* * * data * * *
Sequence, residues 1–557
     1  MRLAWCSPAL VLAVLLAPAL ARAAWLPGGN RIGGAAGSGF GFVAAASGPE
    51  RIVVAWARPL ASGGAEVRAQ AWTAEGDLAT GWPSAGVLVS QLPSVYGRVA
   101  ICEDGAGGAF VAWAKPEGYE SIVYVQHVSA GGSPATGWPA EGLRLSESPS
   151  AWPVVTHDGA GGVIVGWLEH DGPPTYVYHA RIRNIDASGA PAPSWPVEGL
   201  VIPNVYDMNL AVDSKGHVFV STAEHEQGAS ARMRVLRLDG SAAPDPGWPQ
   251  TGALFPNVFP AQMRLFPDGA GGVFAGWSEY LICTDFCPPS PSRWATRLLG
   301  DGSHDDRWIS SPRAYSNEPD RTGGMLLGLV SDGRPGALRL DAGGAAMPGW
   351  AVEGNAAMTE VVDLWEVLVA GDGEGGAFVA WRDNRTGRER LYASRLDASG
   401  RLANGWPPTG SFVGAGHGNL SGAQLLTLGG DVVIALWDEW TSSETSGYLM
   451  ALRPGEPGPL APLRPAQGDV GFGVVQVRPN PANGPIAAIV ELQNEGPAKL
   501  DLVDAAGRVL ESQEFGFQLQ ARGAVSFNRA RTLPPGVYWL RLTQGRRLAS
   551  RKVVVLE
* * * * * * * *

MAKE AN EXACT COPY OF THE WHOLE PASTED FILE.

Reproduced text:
Sequence, residues 1–557
     1  MRLAWCSPAL VLAVLLAPAL ARAAWLPGGN RIGGAAGSGF GFVAAASGPE
    51  RIVVAWARPL ASGGAEVRAQ AWTAEGDLAT GWPSAGVLVS QLPSVYGRVA
   101  ICEDGAGGAF VAWAKPEGYE SIVYVQHVSA GGSPATGWPA EGLRLSESPS
   151  AWPVVTHDGA GGVIVGWLEH DGPPTYVYHA RIRNIDASGA PAPSWPVEGL
   201  VIPNVYDMNL AVDSKGHVFV STAEHEQGAS ARMRVLRLDG SAAPDPGWPQ
   251  TGALFPNVFP AQMRLFPDGA GGVFAGWSEY LICTDFCPPS PSRWATRLLG
   301  DGSHDDRWIS SPRAYSNEPD RTGGMLLGLV SDGRPGALRL DAGGAAMPGW
   351  AVEGNAAMTE VVDLWEVLVA GDGEGGAFVA WRDNRTGRER LYASRLDASG
   401  RLANGWPPTG SFVGAGHGNL SGAQLLTLGG DVVIALWDEW TSSETSGYLM
   451  ALRPGEPGPL APLRPAQGDV GFGVVQVRPN PANGPIAAIV ELQNEGPAKL
   501  DLVDAAGRVL ESQEFGFQLQ ARGAVSFNRA RTLPPGVYWL RLTQGRRLAS
   551  RKVVVLE